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How is Honest and Reasonable Mistake of Fact Used as a Defence?

When using the defence of honest and reasonable mistake, the accused carries an evidentiary onus.

In Australia, there are certain criminal offences categorised as ‘strict liability offences’. A strict liability offence is one in which the prosecution is not required to prove that the accused intended to commit the alleged offence.

In other words, a strict liability offence is one in which the prosecution does not have to prove that the accused has a mens rea or ‘guilty mind’.

One common defence to a strict liability offence is a defence based on an ‘honest and reasonable mistake of fact’.

Here, we explain how this defence works, and the circumstances in which it may apply.

 

What is the ‘Honest and Reasonable Mistake of Fact’ Defence?

Section 24 of the Criminal Code Act 1899 summarises this defence is stating that:

“A person who does or omits to do an act under an honest and reasonable, but mistaken, belief in the existence of any state of things is not criminally responsible for the act or omission to any greater extent than if the real state of things had been such as the person believed to exist.”

This means that if a defendant can prove that they made an honest and reasonable mistake as to a set of facts relevant to the alleged offence, it can provide a legal defence for the defendant doing what would otherwise be a criminal offence.

 

How Does the ‘Honest and Reasonable Mistake of Fact’ Defence Work?

To be successful, this defence has three elements which must be demonstrated to exist by the defendant:

  •  The mistake must be honest: you must be able to prove that you honestly and genuinely held the belief in question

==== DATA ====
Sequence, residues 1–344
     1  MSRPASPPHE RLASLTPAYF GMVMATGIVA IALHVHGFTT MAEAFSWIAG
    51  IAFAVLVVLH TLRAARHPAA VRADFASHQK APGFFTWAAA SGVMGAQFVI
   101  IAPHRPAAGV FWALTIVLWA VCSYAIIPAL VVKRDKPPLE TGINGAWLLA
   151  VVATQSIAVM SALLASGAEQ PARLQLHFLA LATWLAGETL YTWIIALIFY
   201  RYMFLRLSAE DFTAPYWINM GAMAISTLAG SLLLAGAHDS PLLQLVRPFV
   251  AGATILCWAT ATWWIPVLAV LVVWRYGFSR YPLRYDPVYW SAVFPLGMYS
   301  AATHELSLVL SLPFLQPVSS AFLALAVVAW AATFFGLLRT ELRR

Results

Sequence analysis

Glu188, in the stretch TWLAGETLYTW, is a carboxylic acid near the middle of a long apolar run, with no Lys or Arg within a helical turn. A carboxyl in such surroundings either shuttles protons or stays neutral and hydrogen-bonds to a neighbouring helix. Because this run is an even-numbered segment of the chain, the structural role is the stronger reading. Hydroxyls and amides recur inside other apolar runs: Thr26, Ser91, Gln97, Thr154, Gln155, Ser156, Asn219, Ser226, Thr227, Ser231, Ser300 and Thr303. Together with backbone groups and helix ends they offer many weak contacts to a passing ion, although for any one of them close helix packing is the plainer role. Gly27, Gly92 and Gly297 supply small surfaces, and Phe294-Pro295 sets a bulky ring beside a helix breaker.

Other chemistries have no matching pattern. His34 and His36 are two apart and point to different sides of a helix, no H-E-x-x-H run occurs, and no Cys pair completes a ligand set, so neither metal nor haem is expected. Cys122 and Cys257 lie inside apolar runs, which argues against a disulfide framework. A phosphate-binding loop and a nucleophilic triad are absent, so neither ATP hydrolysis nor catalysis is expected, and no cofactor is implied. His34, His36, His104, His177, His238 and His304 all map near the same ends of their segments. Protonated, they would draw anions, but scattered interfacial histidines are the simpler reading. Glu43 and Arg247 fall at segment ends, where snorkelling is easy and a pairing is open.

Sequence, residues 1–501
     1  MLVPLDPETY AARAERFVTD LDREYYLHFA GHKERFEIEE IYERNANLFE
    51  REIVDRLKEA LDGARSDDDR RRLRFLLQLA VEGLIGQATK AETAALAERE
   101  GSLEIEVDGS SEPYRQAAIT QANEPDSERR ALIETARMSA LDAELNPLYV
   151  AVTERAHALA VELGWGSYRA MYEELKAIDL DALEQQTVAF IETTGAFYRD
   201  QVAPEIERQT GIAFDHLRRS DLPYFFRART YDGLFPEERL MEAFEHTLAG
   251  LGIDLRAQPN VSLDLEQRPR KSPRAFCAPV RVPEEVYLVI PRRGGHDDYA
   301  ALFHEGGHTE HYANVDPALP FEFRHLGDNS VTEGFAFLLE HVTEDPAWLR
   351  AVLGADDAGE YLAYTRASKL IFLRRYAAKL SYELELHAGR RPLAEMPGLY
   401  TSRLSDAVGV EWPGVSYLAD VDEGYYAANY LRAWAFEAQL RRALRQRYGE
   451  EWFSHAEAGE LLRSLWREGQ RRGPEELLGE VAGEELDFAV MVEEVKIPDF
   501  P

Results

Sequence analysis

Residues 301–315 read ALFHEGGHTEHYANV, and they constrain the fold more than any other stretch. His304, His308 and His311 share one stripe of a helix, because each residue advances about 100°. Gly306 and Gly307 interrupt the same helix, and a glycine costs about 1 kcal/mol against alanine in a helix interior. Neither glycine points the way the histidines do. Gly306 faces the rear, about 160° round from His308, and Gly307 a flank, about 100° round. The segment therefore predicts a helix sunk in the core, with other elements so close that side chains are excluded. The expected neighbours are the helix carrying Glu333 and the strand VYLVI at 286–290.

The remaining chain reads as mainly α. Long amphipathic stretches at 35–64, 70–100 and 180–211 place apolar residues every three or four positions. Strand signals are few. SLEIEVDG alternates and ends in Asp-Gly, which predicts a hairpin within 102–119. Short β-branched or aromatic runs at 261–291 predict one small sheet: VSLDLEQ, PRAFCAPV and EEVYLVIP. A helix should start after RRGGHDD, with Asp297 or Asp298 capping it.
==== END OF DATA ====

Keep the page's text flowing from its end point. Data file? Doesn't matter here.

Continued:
•  The mistake must be reasonable: this is judged according to whether an ordinary person in your circumstances would have held the belief
  •  The mistake must be as to fact and not law: you must prove that if the mistaken facts you believed had been true, you would not be committing an offence

Regarding the last point above, it is important to note that a ‘mistake of fact’ is different from a ‘mistake of law’. In fact, being mistaken about a law is not a valid defence to any criminal act, as stated by Section 22 of the Criminal Code Act 1899 which reads:

“Ignorance of the law does not afford any excuse for an act or omission which would otherwise constitute an offence, unless knowledge of the law by the offender is expressly declared to be an element of the offence.”

When using the defence of honest and reasonable mistake, the accused carries an evidentiary onus, which means that they must produce evidence to prove (on the balance of probabilities) that they held a mistaken belief as well as explain what contributed to that mistaken belief.

Once the defence has been raised, the onus then shifts to the prosecution to prove beyond a reasonable doubt that no such belief was held by the accused.

 

What Are Circumstances I Could Use This Defence In?

A variety of charges can be defended using the honest and reasonable mistake of fact defence, including:

Driving while disqualified

This can be defended by proving that the defendant was not aware that their licence had been disqualified. For example, the defendant may be able to prove that the relevant regulatory body sent the suspension notice to an incorrect address, meaning that the defendant could not have known that their licence was suspended.

Dealing with property suspected of being the proceeds of crime

This can be defended by proving that the defendant mistakenly believed that the property in question was not the proceeds of crime.

 

Do You Want To Use ‘Honest and Reasonable Mistake of Fact’ Defence?

If you have been charged with an offence that you believe could have occurred due to an honest and reasonable mistake of fact, it is important to seek legal advice immediately.

At Guest Lawyers, our team of Brisbane criminal lawyers are licensed to practice across Australia and often travel to other states and territories to do so. If you would like to discuss a defence based on an honest mistake of fact, get in touch with our lawyers either via Guest Lawyers’ email or by calling (07) 3211 3007.

We offer free initial consultations (including in prisons) to assist with a number of assault charges, and act for all persons required to appear before the Magistrates and Supreme Court. We also conduct appeals in the Court of Appeal and High Court.